Storage for vSphere – Eggs and Baskets

At the moment our vSphere system is running against 3 HP EVAs.  Two of these are in year 4 of their life, one is new.  Question is should we look to replace our older 8100’s with a new 6400/8400 unit.   Is this the most cost effective solution, and is it even a good idea to run vSphere against a single monolithic storage system?

Cost wise, it turns out that buying a new EVA with similar capacity to the older 8100’s is about the same as 3 years maintenance for the older units.  The downside is that we spend money on disks during the last three years, and these won’t fit the new units, so we scrap (or resell) the old units with disks that are less than a year old – not really good value or very green!

From an eggs in baskets perspective, we have all our production VMs – heading into the 100s of VMs dependent on just two controllers in a single EVA.  As we have experienced in the past a single controller failure (or even a disk unit) can bring down the whole unit.  So we’ve migrated from lots of physical machines with their own independent storage to lots of VMs sharing a single unit with (despite HP’s protestations) a single point of failure!

So should we be moving away from this architecture towards having a larger number of independent baskets, each containing few eggs.  We’ve started on this path for disk based backup using HP P4000 (LeftHand) units which do exactly this, but present the storage of a number of physical units as a single storage array.  Clearly, it may still be possible for a single member of this array to fail in such a way as to kill the whole array, but also it’s clearly possible to run several arrays in parallel, so balancing the risks against the pain of management – a small number of baskets, each containing a number of baskets which look after a subset of your Eggs – OK so analogy failure here, but hope you get the picture.  One key advantage of this is upgrade costs, no longer do you “forklift” in a replacement EVA, you can add units over time, and retire older units over time as budget allows.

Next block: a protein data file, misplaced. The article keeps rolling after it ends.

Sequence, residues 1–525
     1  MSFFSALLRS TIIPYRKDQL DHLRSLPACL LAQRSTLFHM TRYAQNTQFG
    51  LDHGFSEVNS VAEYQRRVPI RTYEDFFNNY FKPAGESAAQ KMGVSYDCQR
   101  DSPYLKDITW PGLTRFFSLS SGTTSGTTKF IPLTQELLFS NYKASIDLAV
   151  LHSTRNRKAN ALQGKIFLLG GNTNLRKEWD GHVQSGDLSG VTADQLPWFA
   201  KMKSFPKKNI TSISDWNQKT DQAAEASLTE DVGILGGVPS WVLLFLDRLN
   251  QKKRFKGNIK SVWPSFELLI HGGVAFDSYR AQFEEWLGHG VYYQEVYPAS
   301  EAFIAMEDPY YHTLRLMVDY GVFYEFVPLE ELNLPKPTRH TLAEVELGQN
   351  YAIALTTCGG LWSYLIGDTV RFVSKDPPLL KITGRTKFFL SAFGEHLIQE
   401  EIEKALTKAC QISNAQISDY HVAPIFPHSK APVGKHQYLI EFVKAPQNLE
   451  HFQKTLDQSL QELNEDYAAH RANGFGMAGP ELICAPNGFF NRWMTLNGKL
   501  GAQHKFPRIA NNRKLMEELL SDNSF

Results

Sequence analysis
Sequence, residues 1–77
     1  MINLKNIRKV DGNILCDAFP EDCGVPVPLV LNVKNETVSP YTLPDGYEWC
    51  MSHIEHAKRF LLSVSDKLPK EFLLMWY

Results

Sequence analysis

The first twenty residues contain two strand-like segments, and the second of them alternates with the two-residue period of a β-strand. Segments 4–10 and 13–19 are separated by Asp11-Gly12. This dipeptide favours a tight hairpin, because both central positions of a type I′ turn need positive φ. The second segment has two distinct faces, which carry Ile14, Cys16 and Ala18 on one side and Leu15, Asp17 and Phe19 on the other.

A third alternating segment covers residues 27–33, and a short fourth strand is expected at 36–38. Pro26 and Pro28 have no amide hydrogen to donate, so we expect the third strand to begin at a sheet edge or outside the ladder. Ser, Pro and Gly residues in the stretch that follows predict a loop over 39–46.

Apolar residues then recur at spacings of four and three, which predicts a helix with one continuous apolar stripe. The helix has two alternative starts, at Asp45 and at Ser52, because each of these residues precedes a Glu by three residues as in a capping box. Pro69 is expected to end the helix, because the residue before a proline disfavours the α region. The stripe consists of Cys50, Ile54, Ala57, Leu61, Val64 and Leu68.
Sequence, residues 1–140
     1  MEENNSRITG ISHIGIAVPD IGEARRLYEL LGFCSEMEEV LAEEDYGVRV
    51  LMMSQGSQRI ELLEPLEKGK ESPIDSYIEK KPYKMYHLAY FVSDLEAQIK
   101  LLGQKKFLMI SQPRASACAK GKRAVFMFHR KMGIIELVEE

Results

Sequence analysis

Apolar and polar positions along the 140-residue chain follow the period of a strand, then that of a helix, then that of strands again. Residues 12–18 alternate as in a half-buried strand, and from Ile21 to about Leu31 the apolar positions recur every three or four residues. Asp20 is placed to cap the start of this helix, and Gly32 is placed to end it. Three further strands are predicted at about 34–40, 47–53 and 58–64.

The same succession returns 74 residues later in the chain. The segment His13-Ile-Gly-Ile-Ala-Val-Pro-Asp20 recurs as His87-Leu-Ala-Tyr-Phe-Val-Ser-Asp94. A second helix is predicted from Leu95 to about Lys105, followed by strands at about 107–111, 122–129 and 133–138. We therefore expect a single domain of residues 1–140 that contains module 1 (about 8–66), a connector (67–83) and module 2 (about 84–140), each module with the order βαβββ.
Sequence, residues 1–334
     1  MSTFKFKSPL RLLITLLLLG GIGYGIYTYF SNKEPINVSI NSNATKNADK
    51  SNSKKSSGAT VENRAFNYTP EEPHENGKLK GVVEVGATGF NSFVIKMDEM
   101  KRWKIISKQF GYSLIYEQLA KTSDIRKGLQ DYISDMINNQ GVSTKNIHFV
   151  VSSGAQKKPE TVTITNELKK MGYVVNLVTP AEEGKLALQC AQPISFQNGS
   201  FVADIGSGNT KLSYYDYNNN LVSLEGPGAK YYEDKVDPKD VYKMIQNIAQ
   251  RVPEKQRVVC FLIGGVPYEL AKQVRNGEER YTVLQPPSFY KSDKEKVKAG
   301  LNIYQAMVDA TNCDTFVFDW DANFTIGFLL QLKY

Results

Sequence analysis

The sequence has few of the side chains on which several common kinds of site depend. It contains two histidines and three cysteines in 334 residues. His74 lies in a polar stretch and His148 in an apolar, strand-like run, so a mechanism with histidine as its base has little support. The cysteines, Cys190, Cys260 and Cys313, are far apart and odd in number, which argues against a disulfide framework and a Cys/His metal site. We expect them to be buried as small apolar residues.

After a while of course you get too many baskets to make life easy to manage – which VMs on which storage array, but is this much worse than which VM’s on which LUN?  There are obviously solutions to this by virtualizing the storage, but this usually involves introducing an expensive physical unit to perform this work, well two would be needed to fault tolerance, but then you’re back to the EVA with just two controllers managing all your storage!

So an approach along the lines of the HP P4000’s should be the right one for us, but do we look at other options, XioTech, Equalogic, etc?  Do we throw in clever units like Nexenta produce to make better use of the storage we have, but again introducing some additional points of failure?

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